“I’m never going to be good enough, smart enough, agile enough”, you’ll think to yourself.
Or “I’m always going to be a failure at life”
And by doing that, you set the notion that that’s the way it is. You confirm your own negative thoughts for yourself, about yourself, and about the world.
Your brain is a machine and will output whatever input you feed it with. If you feed it with shit, you’ll become shit. If you feed with awesomeness, you’ll become awesome.
You design your own destiny through the work of affirmations. Weather you know it or not, you’re constantly telling yourself affirmations, that is, you’re constantly programming your machine brain.
Never and Always are quite strong affirmation, powerful code for the machine, and affirmations are what define your reality.
By saying “never” or “always”, you are setting the premise that what you’re saying is true, without a doubt, no matter what. You are affirming the belief that follows the word “never” or “always” and that, in itself makes it true.
Any time you say “always” or “never”, you know what? You’re right.
The very act of thinking of thinking in those sort of definitive terms makes them resolute.
You do, however, have the power to change your mind, to change your reality, simply by changing the affirmations you tell yourself, and you can start by thinking in more opportunistic terms like “tomorrow” or “eventually”.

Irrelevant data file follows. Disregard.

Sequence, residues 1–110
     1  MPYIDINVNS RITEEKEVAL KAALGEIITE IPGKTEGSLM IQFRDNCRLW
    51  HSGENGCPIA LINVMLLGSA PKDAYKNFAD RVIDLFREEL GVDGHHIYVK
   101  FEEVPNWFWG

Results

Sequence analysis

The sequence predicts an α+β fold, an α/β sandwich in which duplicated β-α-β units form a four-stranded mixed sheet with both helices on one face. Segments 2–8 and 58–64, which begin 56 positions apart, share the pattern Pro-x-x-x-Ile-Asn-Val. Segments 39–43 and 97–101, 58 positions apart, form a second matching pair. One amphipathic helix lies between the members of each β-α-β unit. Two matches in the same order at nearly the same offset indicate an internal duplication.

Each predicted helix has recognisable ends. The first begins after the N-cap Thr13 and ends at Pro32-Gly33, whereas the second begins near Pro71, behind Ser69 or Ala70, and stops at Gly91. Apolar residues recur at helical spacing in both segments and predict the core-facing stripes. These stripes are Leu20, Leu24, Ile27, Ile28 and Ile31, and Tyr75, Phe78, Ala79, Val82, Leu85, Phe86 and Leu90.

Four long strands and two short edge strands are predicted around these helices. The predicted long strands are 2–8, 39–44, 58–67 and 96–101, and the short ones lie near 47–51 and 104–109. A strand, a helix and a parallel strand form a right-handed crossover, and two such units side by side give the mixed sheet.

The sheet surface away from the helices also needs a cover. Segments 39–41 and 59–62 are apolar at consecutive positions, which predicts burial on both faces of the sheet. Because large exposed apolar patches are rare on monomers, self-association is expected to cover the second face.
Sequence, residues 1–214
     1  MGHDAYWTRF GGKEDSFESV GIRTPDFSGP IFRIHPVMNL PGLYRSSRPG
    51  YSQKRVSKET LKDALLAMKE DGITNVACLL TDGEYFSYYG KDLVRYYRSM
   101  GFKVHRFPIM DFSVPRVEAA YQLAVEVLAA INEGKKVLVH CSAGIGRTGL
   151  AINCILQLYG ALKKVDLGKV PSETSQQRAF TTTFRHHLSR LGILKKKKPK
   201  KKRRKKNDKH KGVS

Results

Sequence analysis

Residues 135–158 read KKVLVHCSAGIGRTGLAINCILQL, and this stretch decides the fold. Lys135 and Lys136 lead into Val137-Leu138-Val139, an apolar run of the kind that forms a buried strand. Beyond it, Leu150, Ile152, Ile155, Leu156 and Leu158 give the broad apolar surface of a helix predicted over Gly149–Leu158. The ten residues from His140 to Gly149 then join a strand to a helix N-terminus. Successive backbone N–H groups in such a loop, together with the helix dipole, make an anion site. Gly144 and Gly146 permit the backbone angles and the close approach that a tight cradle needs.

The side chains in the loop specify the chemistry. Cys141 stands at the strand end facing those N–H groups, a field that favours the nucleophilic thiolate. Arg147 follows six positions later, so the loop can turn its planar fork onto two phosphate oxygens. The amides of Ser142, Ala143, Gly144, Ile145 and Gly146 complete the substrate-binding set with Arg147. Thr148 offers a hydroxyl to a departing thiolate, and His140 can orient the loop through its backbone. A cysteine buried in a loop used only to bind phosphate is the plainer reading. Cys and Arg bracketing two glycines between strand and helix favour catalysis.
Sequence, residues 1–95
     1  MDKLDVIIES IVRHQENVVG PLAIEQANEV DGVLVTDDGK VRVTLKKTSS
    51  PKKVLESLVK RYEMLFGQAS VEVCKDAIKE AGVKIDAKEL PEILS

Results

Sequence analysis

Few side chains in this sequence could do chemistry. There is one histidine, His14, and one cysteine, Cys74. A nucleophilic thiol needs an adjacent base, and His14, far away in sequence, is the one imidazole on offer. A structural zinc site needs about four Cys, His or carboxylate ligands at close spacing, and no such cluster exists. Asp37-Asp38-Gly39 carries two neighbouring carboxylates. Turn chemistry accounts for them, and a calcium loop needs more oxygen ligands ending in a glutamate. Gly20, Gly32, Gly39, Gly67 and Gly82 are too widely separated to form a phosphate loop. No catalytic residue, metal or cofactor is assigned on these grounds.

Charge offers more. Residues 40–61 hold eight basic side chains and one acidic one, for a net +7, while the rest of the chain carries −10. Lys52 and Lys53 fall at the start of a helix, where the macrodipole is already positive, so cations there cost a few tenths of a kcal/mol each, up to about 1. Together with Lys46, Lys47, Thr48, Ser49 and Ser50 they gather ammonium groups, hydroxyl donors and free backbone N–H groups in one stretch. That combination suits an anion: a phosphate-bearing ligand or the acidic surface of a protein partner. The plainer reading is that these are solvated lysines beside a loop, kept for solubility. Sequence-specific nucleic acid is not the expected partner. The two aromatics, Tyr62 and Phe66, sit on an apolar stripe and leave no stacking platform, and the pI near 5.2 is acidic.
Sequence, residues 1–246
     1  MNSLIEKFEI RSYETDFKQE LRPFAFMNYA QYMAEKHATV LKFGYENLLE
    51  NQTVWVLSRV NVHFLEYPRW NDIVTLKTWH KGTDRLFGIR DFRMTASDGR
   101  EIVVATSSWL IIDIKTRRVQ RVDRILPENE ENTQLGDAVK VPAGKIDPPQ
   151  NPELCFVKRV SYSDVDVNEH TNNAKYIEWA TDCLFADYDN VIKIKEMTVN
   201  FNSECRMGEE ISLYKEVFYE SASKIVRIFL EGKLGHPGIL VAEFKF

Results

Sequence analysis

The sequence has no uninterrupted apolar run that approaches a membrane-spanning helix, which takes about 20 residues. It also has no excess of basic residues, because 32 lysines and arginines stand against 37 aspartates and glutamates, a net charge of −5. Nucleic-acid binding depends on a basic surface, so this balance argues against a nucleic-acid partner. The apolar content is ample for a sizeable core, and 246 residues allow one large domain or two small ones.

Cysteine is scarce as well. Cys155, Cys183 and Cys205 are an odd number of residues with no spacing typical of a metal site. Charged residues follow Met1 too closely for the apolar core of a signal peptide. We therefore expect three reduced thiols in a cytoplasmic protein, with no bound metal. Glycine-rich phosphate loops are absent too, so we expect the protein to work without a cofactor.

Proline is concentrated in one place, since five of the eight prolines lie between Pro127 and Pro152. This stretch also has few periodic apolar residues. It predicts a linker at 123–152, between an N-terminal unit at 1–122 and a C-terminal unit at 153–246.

Build within yourself the belief that things can and will change and stop limiting your potential by using such restricting words. Untie your restraints (of always and tomorrow) and see the beauty in procrastinating ‘til later.
But what abouts…
But what about saying ““I will ALWAYS love you”
But what about saying “I would NEVER kill someone”
But what about (BLANK)!?
Certainly there are specific situations that call for saying “never” or “always” about it. Never and Always ain’t always bad and you should never say they are!
Alright, you caught me. Fair criticism.
I agree. There are definitely some particular circumstances where it’s positive, maybe even necessary, to say either “never” or “always.”
In general though,it’s not something that needs to be said, nor should it be said.
Just like the “S” word (sorry), these words should be used very, very sparingly, almost removed form your dictionary entirely, almost.
Never is perhaps a sentiment that it doesn’t happen enough and Always is a sentiment that it happens too much.
Either way, things are not so definite in nature. Once you set the premise that something is “always” or “never”, you pretty much close the door on opportunity for change.
Procrastinate and wait for “eventually” to happen. There’s plenty of positive change to come….later.
Take it easy,